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Beherit - H418ov21.C
Review: Black metal bands wishing honorable retirement fade away as ambient artists: Burzum became Dead Can Dance, Darkthrone became Tangerine Dream, and former modern primitives Beherit turned into something like Biosphere meeting Einsturezende Neubauten. Unlike the other well-known Beherit electronic work, Electric Doom Synthesis, this album does not aim for songs but progressions of sounds, once one gets past the hilarious but ill-advised dour mockery of an older Beherit track that opens the album.
The real beauty here is found in songs like "Fish," "Tribal Death" and "E-Scape," which like post-Beherit project Suuri Shaamani, take sounds as their own atoms -- for example, the texture of a volume gradient applied to distorted keyboard, or the repetitive cycles of a dopplered siren -- and expand them into explanations of their own relevance, like an inverse theodicy: earth's elements justifying themselves as a replacement for God. In this the band have left behind the Kraftwerk-style electronic "songs" of past works, and gone into the soundscapes of a more contemporary sound, but the problem with such poems of the medium explaining itself is that they tend to be linear, like essays cycling through the angles of analysis of an academic topic (the same problem afflicts Suuri Shaamani and later Biosphere). Part of the reason this album was ill-received is that it tries to keep one foot in the electronic-percussion and vocals world of "songs," and then veers off into pure sound topologies; it would do better to pick one direction and thrash it for all its worth.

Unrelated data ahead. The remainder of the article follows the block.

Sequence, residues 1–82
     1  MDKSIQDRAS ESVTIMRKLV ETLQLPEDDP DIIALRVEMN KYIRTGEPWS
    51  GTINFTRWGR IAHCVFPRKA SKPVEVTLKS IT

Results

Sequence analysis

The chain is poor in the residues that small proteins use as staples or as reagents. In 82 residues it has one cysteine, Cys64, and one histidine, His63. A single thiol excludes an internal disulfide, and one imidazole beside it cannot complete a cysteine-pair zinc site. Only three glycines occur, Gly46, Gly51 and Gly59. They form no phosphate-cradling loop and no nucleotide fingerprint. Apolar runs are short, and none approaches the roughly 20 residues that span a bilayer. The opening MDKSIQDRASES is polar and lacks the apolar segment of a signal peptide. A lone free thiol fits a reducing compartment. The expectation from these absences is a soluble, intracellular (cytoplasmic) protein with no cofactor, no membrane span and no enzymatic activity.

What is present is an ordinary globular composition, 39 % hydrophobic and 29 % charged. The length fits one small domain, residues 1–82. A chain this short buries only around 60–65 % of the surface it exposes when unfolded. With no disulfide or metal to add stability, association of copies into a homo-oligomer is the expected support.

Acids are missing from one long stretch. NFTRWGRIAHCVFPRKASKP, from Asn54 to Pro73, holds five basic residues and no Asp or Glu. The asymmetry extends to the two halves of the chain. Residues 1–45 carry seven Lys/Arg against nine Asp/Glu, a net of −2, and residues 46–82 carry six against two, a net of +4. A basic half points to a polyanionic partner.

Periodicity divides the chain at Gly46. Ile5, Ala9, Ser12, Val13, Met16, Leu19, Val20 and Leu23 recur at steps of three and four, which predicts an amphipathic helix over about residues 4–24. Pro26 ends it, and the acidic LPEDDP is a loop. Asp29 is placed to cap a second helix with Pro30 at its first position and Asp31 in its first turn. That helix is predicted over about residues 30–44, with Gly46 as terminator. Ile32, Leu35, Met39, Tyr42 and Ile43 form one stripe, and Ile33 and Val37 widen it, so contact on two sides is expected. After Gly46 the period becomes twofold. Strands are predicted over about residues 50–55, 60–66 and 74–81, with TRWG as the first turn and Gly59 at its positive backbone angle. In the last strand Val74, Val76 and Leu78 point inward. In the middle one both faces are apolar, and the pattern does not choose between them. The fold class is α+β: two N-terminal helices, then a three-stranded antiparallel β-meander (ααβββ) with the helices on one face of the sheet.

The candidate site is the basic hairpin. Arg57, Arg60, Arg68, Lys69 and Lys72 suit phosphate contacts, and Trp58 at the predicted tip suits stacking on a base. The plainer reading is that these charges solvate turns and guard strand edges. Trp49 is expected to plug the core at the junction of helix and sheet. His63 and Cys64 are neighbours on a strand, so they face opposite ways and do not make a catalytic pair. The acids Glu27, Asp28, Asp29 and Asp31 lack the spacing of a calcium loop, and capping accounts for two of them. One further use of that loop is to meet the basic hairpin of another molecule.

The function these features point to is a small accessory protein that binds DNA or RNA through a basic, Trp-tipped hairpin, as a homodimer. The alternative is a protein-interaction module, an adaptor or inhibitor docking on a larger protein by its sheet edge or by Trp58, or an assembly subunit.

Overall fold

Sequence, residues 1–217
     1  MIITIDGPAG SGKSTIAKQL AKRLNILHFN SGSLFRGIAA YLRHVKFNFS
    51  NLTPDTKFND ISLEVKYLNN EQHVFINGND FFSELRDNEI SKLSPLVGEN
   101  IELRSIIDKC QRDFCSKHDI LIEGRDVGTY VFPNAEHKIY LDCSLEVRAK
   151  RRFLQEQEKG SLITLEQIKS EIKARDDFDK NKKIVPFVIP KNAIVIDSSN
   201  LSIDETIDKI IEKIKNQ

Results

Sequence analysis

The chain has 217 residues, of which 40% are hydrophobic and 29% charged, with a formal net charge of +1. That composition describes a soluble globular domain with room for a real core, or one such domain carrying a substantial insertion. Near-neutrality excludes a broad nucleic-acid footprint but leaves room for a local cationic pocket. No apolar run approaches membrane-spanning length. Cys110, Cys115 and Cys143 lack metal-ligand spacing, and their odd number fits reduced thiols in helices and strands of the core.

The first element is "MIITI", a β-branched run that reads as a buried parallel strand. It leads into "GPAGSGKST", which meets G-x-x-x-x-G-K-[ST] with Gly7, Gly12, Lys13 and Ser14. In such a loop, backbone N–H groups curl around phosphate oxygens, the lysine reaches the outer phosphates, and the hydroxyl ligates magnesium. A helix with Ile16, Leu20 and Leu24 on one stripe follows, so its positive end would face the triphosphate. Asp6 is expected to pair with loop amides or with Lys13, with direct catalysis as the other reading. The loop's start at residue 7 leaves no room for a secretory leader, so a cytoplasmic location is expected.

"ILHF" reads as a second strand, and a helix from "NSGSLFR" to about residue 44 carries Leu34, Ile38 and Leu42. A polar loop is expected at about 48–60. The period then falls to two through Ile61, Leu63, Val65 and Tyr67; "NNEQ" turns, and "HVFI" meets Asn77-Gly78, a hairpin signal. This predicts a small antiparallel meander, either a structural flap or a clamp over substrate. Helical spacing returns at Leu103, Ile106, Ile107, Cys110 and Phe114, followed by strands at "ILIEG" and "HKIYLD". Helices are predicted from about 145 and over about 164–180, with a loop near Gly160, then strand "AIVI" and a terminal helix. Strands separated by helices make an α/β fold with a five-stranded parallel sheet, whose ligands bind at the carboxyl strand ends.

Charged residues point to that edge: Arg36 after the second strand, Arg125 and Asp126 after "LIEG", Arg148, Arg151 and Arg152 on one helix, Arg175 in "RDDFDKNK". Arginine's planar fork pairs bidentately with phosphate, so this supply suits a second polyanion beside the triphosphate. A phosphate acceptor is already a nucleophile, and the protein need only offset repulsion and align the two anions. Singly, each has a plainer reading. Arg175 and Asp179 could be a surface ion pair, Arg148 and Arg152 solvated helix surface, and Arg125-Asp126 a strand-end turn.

In contrast to the islands of sonic mysticism produced, the "songs" are tediously ham-handed and obvious; conversely, the scapes appear to a casual listener to be filler. Trying to stay the middle path, often Beherit create hybrids that, by nature of being based on very simple devices, are super-boring. Clearly there is potential in this style if they can reintroduce some of the narrative variation of a Tangerine Dream or Dead Can Dance to what is stylistically more relevant territory.